Comment


            #6
            You still have plenty of time to work out your situation. Definitely try to improved your current financial situation whether if you need to work another job, or lower your household expenses. More importantly, you should contact your lender to work something out. With the bailout package, you would hope banks are more keen in working with you about restructuring your loan. But definitely do not try to sell your home now when your lender is willing to work with you. Call them up first.
            Got debt?
            www.mo-moneyman.com

            Comment


              #7
              Originally posted by rizzmo View Post
              OP to be frank, you need to earn more money. You can do this by

              1. Getting a second job.
              2. Increasing your income in your present job
              3. Get into a new primary job.

              It sounds like you have a year to do this in. Good luck.
              The best advice would be to walk away. There is no point in fighting a losing battle.

              Comment


                #8
                Originally posted by kenny911 View Post
                The best advice would be to walk away.
                How is walking away a better option than taking responsibility for the decision you made and doing everything in your power to remedy the situation?

                They were just talking about this on CNBC last night. Just stopping payments doesn't make it any more or less likely that the lender will alter the terms or accept a short sale. What you should do is call the lender and explain your situation. What they are willing and able to do for you depends on your situation. They are handling these things on a case by case basis. They will review your income, expenses, debt, etc. and make a determination. It may end up in a short sale or deed in lieu deal, but it could end differently, like with them refinancing you to a fixed rate that you can afford. All you accomplish by stopping payments is trashing your credit score.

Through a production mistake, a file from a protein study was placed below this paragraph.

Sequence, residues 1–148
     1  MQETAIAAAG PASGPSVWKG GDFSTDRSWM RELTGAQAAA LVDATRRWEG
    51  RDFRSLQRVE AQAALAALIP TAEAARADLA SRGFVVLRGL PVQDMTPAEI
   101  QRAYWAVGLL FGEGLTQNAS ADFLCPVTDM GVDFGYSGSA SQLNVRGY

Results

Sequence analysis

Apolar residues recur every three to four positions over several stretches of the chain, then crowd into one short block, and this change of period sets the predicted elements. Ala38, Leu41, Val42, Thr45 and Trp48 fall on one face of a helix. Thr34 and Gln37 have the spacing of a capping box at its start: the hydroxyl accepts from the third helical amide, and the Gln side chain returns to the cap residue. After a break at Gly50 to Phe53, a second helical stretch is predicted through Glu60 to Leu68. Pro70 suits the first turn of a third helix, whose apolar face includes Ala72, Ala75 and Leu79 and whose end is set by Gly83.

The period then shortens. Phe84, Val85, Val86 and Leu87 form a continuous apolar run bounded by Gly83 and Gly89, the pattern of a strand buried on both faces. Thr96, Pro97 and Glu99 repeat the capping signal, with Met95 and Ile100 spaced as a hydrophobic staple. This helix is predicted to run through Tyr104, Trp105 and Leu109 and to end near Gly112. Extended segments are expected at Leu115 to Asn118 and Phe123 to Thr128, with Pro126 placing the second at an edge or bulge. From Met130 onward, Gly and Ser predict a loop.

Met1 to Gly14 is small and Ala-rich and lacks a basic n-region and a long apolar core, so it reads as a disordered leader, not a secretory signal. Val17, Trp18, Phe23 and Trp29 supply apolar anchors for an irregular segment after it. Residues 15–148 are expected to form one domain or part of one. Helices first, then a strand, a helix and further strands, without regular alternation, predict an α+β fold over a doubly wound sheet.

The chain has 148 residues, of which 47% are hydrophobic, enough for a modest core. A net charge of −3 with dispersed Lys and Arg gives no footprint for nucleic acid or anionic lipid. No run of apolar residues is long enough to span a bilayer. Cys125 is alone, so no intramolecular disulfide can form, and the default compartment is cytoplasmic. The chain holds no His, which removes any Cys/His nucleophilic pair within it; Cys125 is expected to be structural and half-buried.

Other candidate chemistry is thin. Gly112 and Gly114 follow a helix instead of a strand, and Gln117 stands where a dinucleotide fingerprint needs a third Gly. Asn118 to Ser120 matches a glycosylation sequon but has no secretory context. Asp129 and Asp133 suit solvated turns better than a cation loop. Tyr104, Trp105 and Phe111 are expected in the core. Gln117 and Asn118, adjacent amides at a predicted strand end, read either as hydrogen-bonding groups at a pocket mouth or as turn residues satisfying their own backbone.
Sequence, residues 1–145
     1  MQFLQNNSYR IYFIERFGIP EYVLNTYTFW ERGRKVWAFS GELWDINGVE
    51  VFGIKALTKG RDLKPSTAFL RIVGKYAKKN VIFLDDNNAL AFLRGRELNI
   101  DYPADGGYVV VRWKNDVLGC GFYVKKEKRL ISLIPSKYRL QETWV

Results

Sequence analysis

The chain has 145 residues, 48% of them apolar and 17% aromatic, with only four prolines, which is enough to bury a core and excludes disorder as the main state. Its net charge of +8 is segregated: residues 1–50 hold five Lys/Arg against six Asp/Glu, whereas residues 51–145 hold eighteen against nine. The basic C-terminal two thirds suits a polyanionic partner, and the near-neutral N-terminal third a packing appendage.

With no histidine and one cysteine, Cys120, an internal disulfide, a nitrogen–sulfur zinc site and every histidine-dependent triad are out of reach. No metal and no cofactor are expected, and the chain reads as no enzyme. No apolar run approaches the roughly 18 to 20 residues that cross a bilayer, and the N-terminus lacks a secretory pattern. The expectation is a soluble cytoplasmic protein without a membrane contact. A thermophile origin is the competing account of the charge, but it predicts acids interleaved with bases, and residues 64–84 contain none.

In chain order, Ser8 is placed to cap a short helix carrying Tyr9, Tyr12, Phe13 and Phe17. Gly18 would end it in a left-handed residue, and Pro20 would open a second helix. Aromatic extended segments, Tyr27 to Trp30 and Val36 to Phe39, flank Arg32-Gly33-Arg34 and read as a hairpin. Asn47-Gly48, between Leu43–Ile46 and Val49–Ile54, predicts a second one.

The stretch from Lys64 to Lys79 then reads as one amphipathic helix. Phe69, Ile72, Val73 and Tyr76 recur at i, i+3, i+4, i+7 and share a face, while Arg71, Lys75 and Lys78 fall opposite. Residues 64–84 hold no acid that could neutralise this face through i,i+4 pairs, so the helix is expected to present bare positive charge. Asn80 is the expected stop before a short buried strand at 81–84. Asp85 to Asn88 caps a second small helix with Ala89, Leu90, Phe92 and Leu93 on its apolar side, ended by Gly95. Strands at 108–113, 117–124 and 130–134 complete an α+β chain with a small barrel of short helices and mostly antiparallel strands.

Steve

                * Despite the high cost of living, it remains very popular.
                * Why should I pay for my daughter's education when she already knows everything?
                * There are no shortcuts to anywhere worth going.

                Comment


                  #9
                  Originally posted by disneysteve View Post
                  How is walking away a better option than taking responsibility for the decision you made and doing everything in your power to remedy the situation?
                  Depends on the situation. It's long been a principal of the Western world that no debt should take away a person's ability to live a simple, basic life and ply their trade. If trying to repay the debt will literally break him everywhere else in his life, then there's nothing wrong with walking away (and accepting all the consequences that go with it). The risk of him doing so was priced into the loan itself.

                  But the consequences are severe enough that he should really, really try to rectify the situation without walking away.

                  Comment


                    #10
                    Can you get more income by having a room mate, sharing your home, or renting the basement? If you live near a college, students need accommodation.

                    We accepted an international student 'homestay' and it was a better experience for us than for him! We learned so much and had so much fun I would have done it for free!

                    Comment


                      #11
                      Snafu, that sounds interesting! How did you get into that?

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                        #12
                        Seriously… I'd put an exchange student from Siberia in my garage